DDT Waste Is Still Polluting the Environment, Decades After the U.S. Banned the Insecticide
DDT was once the most common insecticide around. Its initial use was to stop the spread of malaria, typhus, and other diseases that were spread by mosquitoes and other insects, but it later started to be used in homes, gardens, and farms. Unfortunately, DDT was found to be too toxic to be safe, and the U.S. government deemed DDT illegal in 1972 (though some other countries still use the insecticide). So what happened to all the DDT waste in the U.S. when the country finally outlawed DDT?
What is DDT?
DDT, otherwise known as dichloro-diphenyl-trichloroethane, was a synthetic pesticide first developed in the 1940s. DDT’s effectiveness at combating harmful insect populations was pretty well-known, even outside the U.S. That was until insect populations began developing resistance to DDT. But that insectile adaptation wasn't the only thing that sealed DDT’s fate, according to the EPA.
The CDC reports that DDT is a carcinogen, and it can even induce vomiting, tremors, and seizures to those who have long-term exposure to it. Studies on lab animals indicated that DDT also had harmful effects on the liver and reproductive system. It was harmful to humans and wildlife, and frankly, something had to be done.
What book helped ban DDT?
Though there were several works that contributed to the eventual banning of DDT, one of the most influential was Silent Spring by Rachel Carson, first published in 1962. According to Yale Environment 360, Carson’s unmasking of the toxic effects of DDT in Silent Spring helped frame the debate over DDT's ultimate demise, though she faced much criticism for revealing the negative effects of DDT in her lifetime.
What is DDT waste?
In 1972, the EPA issued a cancellation order for DDT, and it stopped being used commercially. Unfortunately, the ban on DDT bore some rather unfortunate fruit. Dumping waste DDT wasn’t easy. DDT was found to be rather persistent, even as a waste product, according to the CDC. It persisted in the environment, could travel long distances in the upper atmosphere, and accumulated in the fatty tissues of living things.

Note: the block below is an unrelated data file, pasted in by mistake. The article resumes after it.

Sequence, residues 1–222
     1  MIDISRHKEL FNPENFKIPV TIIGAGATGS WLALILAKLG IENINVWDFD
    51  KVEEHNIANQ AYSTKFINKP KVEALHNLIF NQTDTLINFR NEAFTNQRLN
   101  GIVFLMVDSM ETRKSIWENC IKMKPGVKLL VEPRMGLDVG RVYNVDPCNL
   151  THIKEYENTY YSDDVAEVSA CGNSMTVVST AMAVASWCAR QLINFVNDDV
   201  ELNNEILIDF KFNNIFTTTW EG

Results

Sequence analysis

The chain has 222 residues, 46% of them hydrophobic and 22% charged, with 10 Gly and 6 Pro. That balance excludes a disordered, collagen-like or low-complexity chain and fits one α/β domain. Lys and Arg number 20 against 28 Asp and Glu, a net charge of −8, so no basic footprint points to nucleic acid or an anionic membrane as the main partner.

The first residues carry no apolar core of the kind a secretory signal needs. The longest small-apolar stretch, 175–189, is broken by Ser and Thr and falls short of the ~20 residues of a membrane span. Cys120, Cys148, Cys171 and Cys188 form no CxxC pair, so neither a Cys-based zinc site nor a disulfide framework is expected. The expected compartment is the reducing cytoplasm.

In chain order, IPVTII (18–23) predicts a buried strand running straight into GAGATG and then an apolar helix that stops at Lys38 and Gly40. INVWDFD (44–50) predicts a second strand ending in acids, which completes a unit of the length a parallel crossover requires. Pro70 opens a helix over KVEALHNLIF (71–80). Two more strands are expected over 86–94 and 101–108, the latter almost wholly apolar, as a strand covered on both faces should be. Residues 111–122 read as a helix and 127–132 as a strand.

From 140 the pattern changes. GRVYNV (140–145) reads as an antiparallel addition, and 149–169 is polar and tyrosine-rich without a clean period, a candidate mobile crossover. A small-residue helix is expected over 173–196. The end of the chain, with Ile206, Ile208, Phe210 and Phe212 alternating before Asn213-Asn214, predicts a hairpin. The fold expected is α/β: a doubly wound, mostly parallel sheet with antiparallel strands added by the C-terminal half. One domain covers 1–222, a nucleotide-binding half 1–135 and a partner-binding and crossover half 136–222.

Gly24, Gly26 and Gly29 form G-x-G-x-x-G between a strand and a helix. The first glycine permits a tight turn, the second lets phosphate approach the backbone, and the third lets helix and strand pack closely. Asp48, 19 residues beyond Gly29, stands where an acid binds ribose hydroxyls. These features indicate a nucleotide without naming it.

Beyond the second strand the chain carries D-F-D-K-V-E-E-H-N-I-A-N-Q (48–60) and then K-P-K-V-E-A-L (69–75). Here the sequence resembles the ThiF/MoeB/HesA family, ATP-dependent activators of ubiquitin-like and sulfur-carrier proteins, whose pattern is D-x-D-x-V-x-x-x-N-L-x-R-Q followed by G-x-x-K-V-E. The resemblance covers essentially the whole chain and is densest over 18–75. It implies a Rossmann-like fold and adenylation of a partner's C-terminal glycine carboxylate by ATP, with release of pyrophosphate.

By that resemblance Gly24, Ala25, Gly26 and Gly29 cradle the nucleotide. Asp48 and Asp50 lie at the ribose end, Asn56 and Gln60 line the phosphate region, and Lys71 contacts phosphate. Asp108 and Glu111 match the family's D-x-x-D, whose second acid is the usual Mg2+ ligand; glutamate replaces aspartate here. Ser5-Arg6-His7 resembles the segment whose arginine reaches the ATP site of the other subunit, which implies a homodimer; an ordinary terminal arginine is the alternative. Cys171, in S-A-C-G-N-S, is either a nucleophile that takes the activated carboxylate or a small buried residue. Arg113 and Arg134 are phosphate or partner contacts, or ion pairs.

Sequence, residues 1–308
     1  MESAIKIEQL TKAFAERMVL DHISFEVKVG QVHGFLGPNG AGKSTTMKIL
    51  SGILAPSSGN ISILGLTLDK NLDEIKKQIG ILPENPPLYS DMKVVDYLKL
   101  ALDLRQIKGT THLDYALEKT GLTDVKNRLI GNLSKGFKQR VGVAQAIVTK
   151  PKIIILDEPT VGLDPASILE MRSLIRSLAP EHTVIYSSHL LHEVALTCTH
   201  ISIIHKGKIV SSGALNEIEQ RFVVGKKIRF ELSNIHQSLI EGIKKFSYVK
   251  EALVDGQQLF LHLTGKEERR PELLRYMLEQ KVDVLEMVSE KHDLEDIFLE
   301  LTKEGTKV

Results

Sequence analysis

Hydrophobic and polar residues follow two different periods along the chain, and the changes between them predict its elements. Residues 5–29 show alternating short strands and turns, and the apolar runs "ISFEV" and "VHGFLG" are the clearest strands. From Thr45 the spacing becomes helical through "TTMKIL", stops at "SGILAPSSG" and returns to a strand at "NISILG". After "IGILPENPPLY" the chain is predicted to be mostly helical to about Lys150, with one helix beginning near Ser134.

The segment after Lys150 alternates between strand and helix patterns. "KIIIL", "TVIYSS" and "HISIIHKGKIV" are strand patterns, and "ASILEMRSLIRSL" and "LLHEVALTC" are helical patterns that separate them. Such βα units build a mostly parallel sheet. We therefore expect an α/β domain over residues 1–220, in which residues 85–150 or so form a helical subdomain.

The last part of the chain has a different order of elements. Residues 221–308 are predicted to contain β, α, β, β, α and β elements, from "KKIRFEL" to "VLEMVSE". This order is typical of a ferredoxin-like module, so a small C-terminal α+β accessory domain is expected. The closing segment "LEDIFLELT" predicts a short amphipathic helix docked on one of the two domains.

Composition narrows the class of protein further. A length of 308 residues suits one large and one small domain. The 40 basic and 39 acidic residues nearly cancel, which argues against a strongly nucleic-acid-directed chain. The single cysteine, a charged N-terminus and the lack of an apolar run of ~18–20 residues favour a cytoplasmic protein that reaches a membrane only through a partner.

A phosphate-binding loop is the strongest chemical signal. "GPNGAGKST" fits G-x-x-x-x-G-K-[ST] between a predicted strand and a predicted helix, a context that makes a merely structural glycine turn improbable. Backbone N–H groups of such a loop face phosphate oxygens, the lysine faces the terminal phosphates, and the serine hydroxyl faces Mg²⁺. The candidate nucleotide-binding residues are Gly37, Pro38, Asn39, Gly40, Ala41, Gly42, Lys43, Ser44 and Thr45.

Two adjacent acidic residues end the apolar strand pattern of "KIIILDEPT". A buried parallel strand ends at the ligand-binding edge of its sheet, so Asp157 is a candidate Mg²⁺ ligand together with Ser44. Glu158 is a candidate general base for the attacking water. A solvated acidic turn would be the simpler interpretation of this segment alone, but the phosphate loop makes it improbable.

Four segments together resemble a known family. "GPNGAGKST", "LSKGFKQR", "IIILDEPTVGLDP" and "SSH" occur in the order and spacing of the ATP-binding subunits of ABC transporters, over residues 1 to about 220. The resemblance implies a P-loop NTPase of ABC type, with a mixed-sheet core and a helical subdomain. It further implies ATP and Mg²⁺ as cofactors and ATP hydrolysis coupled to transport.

Even as the years went by and DDT became more diluted, experts remained concerned that its lasting effects would impact the environment for decades to come. As it happened, that waste was actually far more troublesome and long-lasting than the scientists of the 1970s initially suspected.
What is DDT dumping?
The discovery of a massive DDT waste dump site recently revealed the flaws in the DDT ban. Sometime in the last 50-some-odd years, someone dumped more than 27,000 drums of DDT and industrial waste off the coast of Los Angeles and Catalina Island, Calif. Scientists detected DDT in the local waters and sediments about a decade ago, but had not known where the concentrations of DDT had been coming from.
According to Live Science, a research expedition into the dumpsite has made things very clear. Though only 27,000 of the barrels have been accounted for, there could be as many as 100,000 littering the ocean floor as we speak. That’s not the kind of buried treasure that anyone wants — least of all the people who live and fish out of that part of the Pacific Ocean.
Why is DDT waste dumped in barrels?
The Los Angeles Times described the dumping incident as “so reckless it seemed unimaginable,” and a better phrase could not have been selected.
DDT was originally made by the Montrose Chemical Corporation, and though Montrose it is not directly responsible for the hundreds of thousands of barrels that wound up dumped off Catalina Island, The Guardian reports that Montrose did contract with the California Salvage Company to dispose of more than 2,000 barrels a month for years.
It appears as though a lot of DDT ended up underwater, and according to The Los Angeles Times, many of those responsible for dumping DDT waste took similar shortcuts in order to “get rid of the stuff.” Even worse is the fact that laziness seemed to drive much of these shortcuts. Workers dumped DDT waste increasingly closer to shore in order to make shorter trips. If the barrels didn’t sink as they were intended, workers would puncture them.
Due to the absolutely horrifying and as yet undetermined amount of DDT waste that was dumped into the ocean, no one really knows the full extent of the damage. People have been eating, drinking, bathing, and using that seawater for decades since the DDT ban. Even if we assume that there was some degree of dissipation, there’s no way to tell how many people were affected by the callous actions of a selfish few.